WASHINGTON (Reuters) - President George W. Bush, hosting Vietnam’s president in a historic visit on Friday, welcomed warmer relations with a former U.S. enemy but warned that Hanoi must improve its human rights record if it wants to deepen trade ties.
Chanting “Freedom for Vietnam, now, now, now,” hundreds of democracy activists gathered across the street from the White House to protest Vietnamese President Nguyen Minh Triet’s communist-ruled, one-party government.
Many wore T-shirts that said “Stop kangaroo court in Vietnam and showed guards muffling the mouth of Nguyen Van Ly, a Catholic priest and democracy activist, who was sentenced to eight years imprisonment in March.
Triet’s trip is the first by Vietnamese head of state since the Vietnam War ended in 1975. His meeting with Bush in the Oval Office was another step by both countries to move beyond the painful history of the war.
The Vietnamese president is especially keen to bolster a burgeoning trade relationship with the United States, Vietnam’s biggest export market.
Bush praised Vietnam’s transformation into fast-growing economy. But both he and Triet acknowledged differences over human rights in Vietnam.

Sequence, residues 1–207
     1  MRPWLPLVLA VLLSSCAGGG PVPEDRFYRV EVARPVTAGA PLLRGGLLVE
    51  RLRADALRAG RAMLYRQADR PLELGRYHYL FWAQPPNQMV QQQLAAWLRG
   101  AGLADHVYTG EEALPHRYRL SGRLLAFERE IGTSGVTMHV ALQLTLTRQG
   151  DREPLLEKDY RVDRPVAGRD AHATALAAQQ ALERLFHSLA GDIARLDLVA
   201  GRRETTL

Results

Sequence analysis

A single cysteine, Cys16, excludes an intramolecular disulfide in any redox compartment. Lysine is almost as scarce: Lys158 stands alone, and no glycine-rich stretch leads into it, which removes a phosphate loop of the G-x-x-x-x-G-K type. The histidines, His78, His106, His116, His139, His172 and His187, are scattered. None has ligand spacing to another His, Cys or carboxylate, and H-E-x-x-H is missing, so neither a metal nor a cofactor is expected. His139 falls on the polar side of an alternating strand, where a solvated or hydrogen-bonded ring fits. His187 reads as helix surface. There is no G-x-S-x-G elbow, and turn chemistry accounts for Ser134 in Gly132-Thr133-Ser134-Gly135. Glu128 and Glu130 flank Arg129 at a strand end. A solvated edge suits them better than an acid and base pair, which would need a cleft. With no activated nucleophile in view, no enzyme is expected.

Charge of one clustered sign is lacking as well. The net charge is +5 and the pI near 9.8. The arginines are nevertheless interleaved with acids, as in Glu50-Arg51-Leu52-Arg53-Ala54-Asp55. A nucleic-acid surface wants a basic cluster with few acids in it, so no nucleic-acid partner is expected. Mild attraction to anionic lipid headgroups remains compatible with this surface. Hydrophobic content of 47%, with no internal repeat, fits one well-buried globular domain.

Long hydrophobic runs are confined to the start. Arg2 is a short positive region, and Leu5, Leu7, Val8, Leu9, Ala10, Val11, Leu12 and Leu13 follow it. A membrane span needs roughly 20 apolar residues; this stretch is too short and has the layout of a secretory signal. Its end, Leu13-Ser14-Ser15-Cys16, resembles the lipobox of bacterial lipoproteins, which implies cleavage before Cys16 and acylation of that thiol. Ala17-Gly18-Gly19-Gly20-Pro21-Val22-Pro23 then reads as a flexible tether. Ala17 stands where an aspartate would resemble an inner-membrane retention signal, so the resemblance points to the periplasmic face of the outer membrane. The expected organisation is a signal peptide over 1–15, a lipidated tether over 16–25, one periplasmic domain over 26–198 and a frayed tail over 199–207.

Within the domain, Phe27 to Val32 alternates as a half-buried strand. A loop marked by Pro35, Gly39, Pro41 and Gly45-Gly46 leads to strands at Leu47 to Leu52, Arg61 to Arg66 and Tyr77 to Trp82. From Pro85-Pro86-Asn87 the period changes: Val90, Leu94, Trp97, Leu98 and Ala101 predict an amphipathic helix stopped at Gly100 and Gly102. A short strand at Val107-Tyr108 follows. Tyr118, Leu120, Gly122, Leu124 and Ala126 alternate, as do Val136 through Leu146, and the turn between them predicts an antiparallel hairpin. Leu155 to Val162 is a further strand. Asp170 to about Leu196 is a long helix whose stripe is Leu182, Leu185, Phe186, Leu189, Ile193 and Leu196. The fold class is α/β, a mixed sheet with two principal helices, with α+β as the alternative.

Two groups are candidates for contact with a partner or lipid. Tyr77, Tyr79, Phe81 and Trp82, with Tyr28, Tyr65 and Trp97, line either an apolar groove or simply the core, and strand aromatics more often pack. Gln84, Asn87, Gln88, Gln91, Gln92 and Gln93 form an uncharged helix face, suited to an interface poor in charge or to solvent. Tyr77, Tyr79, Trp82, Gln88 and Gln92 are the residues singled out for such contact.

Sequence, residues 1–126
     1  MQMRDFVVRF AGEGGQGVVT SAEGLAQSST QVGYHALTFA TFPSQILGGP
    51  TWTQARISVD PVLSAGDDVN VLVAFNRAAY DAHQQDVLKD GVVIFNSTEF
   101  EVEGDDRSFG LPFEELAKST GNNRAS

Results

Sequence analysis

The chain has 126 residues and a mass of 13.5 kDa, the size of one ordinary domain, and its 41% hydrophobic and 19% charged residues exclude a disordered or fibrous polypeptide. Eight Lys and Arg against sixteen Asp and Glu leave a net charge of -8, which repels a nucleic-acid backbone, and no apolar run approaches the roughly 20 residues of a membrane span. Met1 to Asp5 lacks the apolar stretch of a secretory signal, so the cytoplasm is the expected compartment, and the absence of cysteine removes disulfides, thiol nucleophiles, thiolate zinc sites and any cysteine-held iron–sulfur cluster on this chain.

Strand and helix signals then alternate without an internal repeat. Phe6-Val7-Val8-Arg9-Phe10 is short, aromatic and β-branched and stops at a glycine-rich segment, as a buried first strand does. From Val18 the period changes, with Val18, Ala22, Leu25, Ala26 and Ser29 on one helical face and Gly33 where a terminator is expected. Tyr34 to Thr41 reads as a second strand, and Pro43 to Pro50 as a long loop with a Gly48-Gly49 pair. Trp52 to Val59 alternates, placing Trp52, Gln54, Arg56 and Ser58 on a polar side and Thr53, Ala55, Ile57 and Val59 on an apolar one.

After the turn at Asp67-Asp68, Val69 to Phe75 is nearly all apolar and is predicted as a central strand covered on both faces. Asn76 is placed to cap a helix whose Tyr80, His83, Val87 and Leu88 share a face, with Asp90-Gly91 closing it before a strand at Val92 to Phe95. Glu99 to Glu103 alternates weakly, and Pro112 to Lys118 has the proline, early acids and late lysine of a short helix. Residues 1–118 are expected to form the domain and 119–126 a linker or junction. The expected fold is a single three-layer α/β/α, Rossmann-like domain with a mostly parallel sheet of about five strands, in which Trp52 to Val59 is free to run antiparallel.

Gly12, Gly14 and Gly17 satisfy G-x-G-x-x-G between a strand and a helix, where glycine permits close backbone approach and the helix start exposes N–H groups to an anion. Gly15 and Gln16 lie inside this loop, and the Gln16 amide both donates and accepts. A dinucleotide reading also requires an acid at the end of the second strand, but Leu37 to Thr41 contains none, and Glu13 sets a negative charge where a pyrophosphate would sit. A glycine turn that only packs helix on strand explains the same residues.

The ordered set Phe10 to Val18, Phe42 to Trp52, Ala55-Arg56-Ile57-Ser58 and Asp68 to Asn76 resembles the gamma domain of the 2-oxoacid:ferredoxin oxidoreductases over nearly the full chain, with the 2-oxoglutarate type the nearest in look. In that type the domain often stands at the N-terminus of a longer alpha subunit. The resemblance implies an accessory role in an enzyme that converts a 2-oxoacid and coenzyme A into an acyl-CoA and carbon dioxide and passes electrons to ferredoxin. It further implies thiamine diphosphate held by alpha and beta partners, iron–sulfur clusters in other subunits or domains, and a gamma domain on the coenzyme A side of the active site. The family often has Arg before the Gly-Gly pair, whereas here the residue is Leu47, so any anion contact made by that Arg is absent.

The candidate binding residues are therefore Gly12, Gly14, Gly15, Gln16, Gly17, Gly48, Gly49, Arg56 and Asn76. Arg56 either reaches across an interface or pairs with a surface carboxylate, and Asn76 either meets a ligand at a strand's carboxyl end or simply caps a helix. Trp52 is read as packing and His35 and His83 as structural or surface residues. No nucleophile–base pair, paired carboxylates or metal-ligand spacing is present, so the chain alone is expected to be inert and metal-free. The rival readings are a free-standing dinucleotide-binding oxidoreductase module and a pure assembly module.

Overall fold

“I explained to the president we want to have good relations with Vietnam and we’ve got good economic relations,” Bush told reporters after the meeting.
“I also made it very clear that in order for relations to grow deeper that it’s important for our friends to have a strong commitment to human rights, freedom and democracy.”
For his part, Triet described the exchange over democracy as “direct and open” but added, “we are also determined not to let those differences afflict our overall, larger interest.”
Triet, who signed a trade and investment pact with the United States on Thursday, told U.S. business leaders in New York that Vietnam would “widely open our arms” to American investment.
But the White House has been expressing concern about human rights in Vietnam, in particular over the arrests of political dissidents and restrictions on religious freedoms.
In addition to their economic ties, Vietnam and the United States share some strategic interests, with both wary of China’s rise. But neither leader mentioned China in their comments to reporters.
In November Bush became the second U.S. president, after Bill Clinton, to visit Vietnam since the war. Vietnam and the United States established diplomatic relations in 1995.
As part of his Washington visit, Triet also met lawmakers on Capitol Hill who pressed complaints about human rights.
Since May 10, Vietnam has freed three people who Washington wanted released from imprisonment or detention. White House national security adviser Gordon Johndroe said the releases were a “good step” but added, “There’s probably some more to do.”
Another sensitive issue that came up in the talks were Hanoi’s concerns about the lingering effects of wartime “agent orange” dioxin sprayed by U.S. and South Vietnamese forces to defoliate jungles used by communist troops.
Dioxin is a small compound within the “agent orange” herbicide and is one of the most toxic compounds known.
Additional reporting by Stephanie Beasley, Paul Eckert and Matt Spetalnick
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